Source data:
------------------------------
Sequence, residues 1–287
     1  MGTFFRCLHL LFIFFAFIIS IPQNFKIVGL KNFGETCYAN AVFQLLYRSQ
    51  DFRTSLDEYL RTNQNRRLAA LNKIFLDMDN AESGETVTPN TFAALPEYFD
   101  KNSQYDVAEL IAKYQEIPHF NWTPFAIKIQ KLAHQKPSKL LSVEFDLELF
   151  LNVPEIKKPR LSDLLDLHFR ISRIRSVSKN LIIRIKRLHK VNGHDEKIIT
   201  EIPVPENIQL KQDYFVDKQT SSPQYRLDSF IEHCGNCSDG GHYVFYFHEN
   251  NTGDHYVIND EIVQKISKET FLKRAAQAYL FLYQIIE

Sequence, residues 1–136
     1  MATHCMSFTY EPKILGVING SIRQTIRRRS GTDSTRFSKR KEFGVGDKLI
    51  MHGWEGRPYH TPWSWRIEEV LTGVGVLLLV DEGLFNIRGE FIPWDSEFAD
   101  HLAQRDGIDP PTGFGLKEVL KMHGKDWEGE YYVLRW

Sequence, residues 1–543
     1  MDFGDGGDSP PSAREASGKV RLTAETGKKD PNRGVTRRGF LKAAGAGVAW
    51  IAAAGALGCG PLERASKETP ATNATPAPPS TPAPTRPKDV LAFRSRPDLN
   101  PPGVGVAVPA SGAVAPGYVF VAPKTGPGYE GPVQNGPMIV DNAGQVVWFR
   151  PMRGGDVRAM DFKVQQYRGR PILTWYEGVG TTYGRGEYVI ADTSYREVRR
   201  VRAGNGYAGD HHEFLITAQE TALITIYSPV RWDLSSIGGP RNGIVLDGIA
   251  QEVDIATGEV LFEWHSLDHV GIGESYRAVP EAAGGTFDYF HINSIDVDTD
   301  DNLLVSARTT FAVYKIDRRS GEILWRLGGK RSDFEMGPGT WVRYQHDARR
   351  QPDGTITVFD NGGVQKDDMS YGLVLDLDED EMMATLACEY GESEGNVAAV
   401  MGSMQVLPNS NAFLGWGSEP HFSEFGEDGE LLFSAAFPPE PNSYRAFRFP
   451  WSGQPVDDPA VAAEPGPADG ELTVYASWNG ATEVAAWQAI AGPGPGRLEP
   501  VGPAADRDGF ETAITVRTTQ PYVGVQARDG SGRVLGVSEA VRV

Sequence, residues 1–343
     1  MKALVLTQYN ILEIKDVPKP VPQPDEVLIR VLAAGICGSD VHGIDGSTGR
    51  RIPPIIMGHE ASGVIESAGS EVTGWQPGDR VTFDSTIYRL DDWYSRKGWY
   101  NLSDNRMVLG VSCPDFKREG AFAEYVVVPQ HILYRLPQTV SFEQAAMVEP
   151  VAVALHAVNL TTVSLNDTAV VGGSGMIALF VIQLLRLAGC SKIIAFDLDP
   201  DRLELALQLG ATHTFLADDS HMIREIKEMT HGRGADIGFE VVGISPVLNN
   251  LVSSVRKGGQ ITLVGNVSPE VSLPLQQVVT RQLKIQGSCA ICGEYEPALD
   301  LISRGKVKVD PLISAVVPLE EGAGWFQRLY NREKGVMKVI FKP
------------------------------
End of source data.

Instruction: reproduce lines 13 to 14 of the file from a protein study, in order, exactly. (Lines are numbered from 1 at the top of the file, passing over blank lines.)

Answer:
     1  MDFGDGGDSP PSAREASGKV RLTAETGKKD PNRGVTRRGF LKAAGAGVAW
    51  IAAAGALGCG PLERASKETP ATNATPAPPS TPAPTRPKDV LAFRSRPDLN